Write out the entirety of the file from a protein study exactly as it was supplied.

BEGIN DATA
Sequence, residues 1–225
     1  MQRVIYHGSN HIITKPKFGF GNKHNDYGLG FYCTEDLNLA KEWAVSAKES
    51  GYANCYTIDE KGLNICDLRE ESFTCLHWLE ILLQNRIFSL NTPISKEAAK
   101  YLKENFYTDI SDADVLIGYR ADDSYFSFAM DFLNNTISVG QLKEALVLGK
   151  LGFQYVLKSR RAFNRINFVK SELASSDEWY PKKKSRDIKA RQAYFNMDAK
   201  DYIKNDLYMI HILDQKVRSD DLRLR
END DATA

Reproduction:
Sequence, residues 1–225
     1  MQRVIYHGSN HIITKPKFGF GNKHNDYGLG FYCTEDLNLA KEWAVSAKES
    51  GYANCYTIDE KGLNICDLRE ESFTCLHWLE ILLQNRIFSL NTPISKEAAK
   101  YLKENFYTDI SDADVLIGYR ADDSYFSFAM DFLNNTISVG QLKEALVLGK
   151  LGFQYVLKSR RAFNRINFVK SELASSDEWY PKKKSRDIKA RQAYFNMDAK
   201  DYIKNDLYMI HILDQKVRSD DLRLR